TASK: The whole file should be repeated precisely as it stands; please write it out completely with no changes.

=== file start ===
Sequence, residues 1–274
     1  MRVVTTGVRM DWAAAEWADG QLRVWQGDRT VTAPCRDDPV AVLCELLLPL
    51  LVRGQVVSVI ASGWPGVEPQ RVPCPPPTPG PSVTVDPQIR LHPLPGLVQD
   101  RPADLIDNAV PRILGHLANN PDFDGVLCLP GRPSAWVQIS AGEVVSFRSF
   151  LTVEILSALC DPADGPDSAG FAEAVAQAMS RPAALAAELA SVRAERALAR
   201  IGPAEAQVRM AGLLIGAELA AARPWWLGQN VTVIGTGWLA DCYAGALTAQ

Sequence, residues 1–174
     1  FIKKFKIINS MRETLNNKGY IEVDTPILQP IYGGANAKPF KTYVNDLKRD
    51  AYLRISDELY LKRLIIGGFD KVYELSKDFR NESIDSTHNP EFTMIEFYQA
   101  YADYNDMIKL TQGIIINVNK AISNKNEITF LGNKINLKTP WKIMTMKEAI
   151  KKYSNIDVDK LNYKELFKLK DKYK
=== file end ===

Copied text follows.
Sequence, residues 1–274
     1  MRVVTTGVRM DWAAAEWADG QLRVWQGDRT VTAPCRDDPV AVLCELLLPL
    51  LVRGQVVSVI ASGWPGVEPQ RVPCPPPTPG PSVTVDPQIR LHPLPGLVQD
   101  RPADLIDNAV PRILGHLANN PDFDGVLCLP GRPSAWVQIS AGEVVSFRSF
   151  LTVEILSALC DPADGPDSAG FAEAVAQAMS RPAALAAELA SVRAERALAR
   201  IGPAEAQVRM AGLLIGAELA AARPWWLGQN VTVIGTGWLA DCYAGALTAQ

Sequence, residues 1–174
     1  FIKKFKIINS MRETLNNKGY IEVDTPILQP IYGGANAKPF KTYVNDLKRD
    51  AYLRISDELY LKRLIIGGFD KVYELSKDFR NESIDSTHNP EFTMIEFYQA
   101  YADYNDMIKL TQGIIINVNK AISNKNEITF LGNKINLKTP WKIMTMKEAI
   151  KKYSNIDVDK LNYKELFKLK DKYK